This is actually not a paintin acquired by Gurlitt, but a piece of art, which will be given back to the heirs of the original Jewish owner shortly.
And a really good development regarding Jewish ownership of art.
Franz Marc: The Foxes (Kunsthalle Düsseldorf, Google Arts and Culture
The Düsseldorf City Council voted unanimously in a closed session on Thursday for the restitution of the expressionist painting, which was created in 1913. This was announced by the city in the evening. The council thus followed the recommendation of the Advisory Commission for Looted Art Cases. The committee had voted by a two-thirds majority in favour of restitution to the descendants of the Jewish entrepreneur Kurt Grawi (1887-1944). The Cubist painting, estimated at at least 14 million Euros, is one of the top works in the Museum Kunstpalast in Düsseldorf.
Grawi was subjected to considerable repression in Germany after 1933. In 1939 he was able to emigrate to Chile. In 1940 he sold the painting in New York. In 1962 it was donated to the Städtisches Kunstmuseum Düsseldorf
In the opinion of the Advisory Commission, "The Foxes" must be restituted, even if the sale was concluded outside the Nazi sphere of power. The sale in 1940 in New York was the direct consequence of Grawi's imprisonment in a concentration camp and his subsequent escape.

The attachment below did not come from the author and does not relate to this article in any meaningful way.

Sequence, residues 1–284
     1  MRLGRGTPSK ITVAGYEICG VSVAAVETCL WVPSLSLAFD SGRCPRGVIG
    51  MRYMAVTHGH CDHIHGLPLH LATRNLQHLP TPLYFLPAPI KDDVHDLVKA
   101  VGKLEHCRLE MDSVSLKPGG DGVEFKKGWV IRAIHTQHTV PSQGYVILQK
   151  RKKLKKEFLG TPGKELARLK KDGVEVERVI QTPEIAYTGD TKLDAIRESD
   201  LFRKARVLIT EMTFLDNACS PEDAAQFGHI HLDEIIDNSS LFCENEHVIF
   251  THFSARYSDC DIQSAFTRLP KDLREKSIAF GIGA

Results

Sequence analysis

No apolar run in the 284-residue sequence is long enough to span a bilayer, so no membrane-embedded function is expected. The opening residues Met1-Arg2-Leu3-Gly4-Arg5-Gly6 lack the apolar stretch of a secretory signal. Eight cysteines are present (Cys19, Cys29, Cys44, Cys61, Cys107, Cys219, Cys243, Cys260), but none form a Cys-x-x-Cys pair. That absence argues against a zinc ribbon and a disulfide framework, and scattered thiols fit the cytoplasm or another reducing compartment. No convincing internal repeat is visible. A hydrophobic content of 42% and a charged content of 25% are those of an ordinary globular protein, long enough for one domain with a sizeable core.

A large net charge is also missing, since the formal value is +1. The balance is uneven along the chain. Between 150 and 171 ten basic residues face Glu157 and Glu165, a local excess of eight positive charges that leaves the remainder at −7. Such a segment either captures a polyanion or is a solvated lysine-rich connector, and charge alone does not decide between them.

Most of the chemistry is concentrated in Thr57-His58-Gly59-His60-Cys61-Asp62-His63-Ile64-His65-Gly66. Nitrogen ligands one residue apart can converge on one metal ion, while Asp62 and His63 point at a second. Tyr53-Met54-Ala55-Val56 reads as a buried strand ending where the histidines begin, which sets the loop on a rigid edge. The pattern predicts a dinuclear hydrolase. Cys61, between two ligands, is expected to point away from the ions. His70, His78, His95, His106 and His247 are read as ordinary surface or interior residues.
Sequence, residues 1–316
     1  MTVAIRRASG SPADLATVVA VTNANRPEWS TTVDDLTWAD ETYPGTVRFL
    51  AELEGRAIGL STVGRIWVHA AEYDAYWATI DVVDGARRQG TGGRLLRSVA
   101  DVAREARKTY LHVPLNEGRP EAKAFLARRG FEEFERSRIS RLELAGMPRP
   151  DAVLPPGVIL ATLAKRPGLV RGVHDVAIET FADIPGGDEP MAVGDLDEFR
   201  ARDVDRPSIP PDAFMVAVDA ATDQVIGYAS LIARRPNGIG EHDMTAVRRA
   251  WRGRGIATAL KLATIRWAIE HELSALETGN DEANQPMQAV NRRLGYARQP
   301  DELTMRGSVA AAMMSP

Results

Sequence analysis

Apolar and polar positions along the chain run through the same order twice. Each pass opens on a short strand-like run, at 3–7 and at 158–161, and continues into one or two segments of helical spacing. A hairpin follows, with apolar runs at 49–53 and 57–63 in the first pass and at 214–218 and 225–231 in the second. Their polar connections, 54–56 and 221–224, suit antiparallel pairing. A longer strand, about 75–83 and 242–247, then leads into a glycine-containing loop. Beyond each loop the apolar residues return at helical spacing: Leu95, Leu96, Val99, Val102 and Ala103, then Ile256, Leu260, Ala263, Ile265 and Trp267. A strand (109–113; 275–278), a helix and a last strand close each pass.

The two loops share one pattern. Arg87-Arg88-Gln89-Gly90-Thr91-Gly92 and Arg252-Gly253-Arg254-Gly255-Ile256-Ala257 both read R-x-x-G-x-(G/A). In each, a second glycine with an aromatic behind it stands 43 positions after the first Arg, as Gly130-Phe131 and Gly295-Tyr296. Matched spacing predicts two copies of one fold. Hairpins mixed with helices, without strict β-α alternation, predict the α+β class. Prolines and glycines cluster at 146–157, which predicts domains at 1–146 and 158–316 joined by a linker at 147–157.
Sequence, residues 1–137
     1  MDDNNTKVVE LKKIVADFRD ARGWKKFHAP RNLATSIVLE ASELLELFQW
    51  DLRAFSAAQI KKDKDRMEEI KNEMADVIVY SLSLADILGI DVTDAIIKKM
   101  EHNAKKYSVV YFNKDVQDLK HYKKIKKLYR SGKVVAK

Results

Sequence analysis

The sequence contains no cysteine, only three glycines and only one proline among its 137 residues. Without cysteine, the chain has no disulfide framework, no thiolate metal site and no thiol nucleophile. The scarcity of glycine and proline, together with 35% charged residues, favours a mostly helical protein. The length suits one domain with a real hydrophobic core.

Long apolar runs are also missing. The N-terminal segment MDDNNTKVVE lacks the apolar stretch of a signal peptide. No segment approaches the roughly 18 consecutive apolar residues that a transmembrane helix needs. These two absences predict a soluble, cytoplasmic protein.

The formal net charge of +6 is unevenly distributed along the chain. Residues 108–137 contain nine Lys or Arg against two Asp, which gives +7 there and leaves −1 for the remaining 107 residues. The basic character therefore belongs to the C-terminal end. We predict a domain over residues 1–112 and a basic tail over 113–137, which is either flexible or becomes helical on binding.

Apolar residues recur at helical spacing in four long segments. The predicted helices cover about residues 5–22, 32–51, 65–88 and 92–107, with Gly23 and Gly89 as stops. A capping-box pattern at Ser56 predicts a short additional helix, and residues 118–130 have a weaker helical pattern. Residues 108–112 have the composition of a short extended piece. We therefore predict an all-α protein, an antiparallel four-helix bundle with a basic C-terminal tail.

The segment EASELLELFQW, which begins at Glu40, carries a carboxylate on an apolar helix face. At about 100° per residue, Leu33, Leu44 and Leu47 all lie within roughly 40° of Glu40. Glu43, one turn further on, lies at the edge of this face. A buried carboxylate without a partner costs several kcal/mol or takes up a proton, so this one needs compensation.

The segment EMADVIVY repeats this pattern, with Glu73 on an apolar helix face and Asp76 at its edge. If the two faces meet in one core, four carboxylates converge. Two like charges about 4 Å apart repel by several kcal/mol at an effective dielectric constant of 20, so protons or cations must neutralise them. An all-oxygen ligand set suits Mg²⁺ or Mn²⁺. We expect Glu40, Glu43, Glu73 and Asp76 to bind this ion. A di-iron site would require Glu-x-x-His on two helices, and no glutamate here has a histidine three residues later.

The sale had been so closely connected with the persecution by the National Socialists that the place of the trade was secondary. Grawi would not have sold the painting if he had not been persecuted by the Nazis. He had stressed that for him and his family the result of the sale meant "the basis for our emigration". The city of Düsseldorf, on the other hand, had argued that the painting had been outside the Nazi sphere of influence since May 1939. The family had been in South America at the time of the sale in 1940. After the war, Grawi's wife had claimed restitution for the losses suffered, but had not cited the work by Franz Marc. According to the Washington Principles, also signed by Germany, "just and fair" solutions are to be found for cultural assets seized as a result of Nazi persecution.
Looted art experts fear that the commission's latest recommendation in the Grawi case could shift the previous standards of restitution. The "foxes" could become a precedent, so that in the future cultural objects sold abroad would also be eligible for restitution.